NEW YORK -- Demonstrating a return on investment on IT security in the enterprise is nigh impossible because there are no metrics that measure ROI unless a company is attacked or security is outsourced to a managed security service provider.
"There's no way to identify it. And the only ones who have to are those who make the purchases," said Par Lindstrom of Investor Growth Capital of New York and Sweden.
Lindstrom was among the group of IT professionals in attendance Wednesday at the Yankee Group's Securing the Enterprise conference. A panel of experts debated the issue of ROI and the fact that the panelists came to no telling conclusions is an indicator of how perplexing this proposition is.
ROI is generally thought of as a revenue enhancement or a cost savings. Security, meanwhile, is sold on fear. The panel was asked when that trend would shift toward selling the value of security?
"That's the holy grail to some extent. You have to get security to an executive in an enterprise where they're saying more than 'This is a black box and it cost me a lot of money,' " said panelist Robert Shaw, CEO and President of ArcSight. "You have to elevate security to a business process. Right now, there's a huge difference in knowledge in the guys at the top and the guys who do security."
Another panelist, Ken Ammon, CEO of NetSec, compared it to the chicken-and-egg challenge.
" Often, the only way to prove a security investment has paid off is by not being attacked," Ammon said. "A solid security policy is key to creating efficiency and preventing expenditures."
Security costs not only are found in expensive products, but in pricey staff. Giga Information Group recently released a report that said chief security officers in financial institutions currently command $400,000 salaries. That number drops in other sectors, but a CSO and staff is a massive expenditure for an enterprise. Outsourcing, the panel hinted, relieves that cost.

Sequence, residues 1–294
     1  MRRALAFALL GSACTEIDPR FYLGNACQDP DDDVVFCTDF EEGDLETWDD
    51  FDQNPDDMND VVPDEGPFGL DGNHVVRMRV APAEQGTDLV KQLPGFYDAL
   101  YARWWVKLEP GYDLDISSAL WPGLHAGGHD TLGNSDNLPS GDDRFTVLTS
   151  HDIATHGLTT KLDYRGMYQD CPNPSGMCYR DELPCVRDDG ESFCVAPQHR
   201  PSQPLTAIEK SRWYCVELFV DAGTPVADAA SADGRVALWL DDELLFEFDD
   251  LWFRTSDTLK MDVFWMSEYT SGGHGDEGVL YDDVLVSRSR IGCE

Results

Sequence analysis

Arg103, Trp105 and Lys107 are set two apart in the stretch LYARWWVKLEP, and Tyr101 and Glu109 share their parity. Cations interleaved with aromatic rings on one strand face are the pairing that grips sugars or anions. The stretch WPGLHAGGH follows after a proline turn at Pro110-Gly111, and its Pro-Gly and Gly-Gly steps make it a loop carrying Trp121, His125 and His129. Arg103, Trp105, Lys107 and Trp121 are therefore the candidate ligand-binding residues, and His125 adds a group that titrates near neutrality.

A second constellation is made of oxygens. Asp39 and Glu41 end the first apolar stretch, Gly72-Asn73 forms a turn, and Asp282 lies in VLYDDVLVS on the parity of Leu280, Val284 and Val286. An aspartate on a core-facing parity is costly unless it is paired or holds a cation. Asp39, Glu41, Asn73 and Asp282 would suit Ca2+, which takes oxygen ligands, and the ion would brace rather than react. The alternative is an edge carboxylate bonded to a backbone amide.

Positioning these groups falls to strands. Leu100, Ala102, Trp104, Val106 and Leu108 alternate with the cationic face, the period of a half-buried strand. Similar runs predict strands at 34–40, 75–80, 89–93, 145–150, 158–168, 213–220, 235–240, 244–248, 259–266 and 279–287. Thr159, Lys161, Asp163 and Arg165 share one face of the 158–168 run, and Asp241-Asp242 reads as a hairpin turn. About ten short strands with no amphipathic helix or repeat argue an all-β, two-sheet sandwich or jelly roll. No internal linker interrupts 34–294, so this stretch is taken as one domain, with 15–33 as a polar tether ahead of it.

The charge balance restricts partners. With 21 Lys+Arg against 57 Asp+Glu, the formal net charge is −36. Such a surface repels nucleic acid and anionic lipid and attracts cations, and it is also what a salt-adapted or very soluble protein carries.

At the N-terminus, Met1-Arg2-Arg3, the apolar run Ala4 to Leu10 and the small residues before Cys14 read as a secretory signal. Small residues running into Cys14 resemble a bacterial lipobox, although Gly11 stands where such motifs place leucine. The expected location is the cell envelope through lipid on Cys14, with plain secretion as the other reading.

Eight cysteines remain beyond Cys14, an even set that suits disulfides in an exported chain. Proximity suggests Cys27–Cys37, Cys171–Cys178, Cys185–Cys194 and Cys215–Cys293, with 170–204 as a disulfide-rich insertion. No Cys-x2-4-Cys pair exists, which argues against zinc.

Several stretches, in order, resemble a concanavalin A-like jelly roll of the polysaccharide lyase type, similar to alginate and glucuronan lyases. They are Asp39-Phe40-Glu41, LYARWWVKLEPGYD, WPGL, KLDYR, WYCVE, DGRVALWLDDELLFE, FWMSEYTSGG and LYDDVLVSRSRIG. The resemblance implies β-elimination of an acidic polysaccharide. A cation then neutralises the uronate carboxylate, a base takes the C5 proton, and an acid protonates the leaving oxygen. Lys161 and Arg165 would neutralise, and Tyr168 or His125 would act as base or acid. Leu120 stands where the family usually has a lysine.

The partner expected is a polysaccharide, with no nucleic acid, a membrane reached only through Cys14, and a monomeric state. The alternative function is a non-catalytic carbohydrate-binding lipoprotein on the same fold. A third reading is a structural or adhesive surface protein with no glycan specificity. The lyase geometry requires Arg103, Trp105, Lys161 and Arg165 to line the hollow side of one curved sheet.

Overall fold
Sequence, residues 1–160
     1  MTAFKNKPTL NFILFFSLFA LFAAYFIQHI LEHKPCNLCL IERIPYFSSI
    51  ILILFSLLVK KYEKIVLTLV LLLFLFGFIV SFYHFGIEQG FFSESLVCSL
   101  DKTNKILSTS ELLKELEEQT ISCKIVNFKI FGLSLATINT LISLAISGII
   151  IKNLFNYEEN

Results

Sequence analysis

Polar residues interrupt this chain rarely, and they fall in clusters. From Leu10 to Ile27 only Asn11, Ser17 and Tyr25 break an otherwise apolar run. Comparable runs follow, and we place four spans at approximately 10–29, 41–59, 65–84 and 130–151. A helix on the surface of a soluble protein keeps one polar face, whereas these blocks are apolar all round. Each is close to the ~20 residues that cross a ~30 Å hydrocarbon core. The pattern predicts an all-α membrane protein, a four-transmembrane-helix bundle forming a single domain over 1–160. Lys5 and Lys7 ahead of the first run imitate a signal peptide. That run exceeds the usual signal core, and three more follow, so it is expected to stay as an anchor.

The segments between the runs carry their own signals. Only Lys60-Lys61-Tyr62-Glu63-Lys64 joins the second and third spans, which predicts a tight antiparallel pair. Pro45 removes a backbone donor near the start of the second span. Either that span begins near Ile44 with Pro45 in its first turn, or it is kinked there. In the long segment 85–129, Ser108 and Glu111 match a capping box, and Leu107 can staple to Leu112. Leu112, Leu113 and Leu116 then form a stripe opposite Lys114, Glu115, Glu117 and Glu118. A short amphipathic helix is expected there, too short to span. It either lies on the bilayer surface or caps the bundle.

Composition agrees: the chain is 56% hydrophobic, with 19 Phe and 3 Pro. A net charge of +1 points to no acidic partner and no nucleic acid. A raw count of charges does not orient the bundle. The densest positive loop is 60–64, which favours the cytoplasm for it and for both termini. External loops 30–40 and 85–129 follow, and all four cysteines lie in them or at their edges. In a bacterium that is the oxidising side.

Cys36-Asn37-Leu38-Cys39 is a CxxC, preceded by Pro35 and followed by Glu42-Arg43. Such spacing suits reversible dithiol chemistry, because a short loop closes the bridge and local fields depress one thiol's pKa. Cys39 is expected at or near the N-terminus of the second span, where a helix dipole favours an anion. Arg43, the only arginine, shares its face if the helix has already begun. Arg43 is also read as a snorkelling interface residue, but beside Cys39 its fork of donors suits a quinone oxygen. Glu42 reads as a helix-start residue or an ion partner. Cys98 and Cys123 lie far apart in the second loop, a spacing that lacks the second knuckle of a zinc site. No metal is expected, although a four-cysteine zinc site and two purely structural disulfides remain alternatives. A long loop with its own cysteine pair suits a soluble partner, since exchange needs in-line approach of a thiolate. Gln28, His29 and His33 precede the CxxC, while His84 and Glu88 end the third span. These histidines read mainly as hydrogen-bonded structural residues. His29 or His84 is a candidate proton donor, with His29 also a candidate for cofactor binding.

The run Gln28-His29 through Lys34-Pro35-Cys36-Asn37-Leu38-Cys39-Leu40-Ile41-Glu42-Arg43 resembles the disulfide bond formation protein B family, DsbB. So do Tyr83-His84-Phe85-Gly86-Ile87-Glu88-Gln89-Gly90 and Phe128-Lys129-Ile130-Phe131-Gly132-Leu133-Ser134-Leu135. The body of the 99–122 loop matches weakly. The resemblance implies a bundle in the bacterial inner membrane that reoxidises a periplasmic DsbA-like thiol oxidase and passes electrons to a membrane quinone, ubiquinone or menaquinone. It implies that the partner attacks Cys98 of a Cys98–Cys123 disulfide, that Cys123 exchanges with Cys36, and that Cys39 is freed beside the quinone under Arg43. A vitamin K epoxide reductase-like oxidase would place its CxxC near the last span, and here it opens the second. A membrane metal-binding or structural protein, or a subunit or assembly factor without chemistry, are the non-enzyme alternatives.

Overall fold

Patching software vulnerabilities alone can bring exorbitant price tags. There may be just one patch, but it has to be applied on every box in-house running the vulnerable software and that can ring up the man-hours and reduce ROI in an instant, the panel said.
"There are only a handful of vulnerabilities that are relevant to the enterprise," said Ammon. "The key is filtering those."
Adam Joseph, CEO of managed security services provider TruSecure, said that the first item an enterprise may consider outsourcing to help the ROI issue is the process of tracking down and filtering vulnerability information.
"Outsource that to an expert. Security personnel are difficult to find and retain," Joseph said, adding that most companies don't have the resources to recruit or pay trained security staff. He also suggests outsourcing the implementation of a security policy and the management of devices.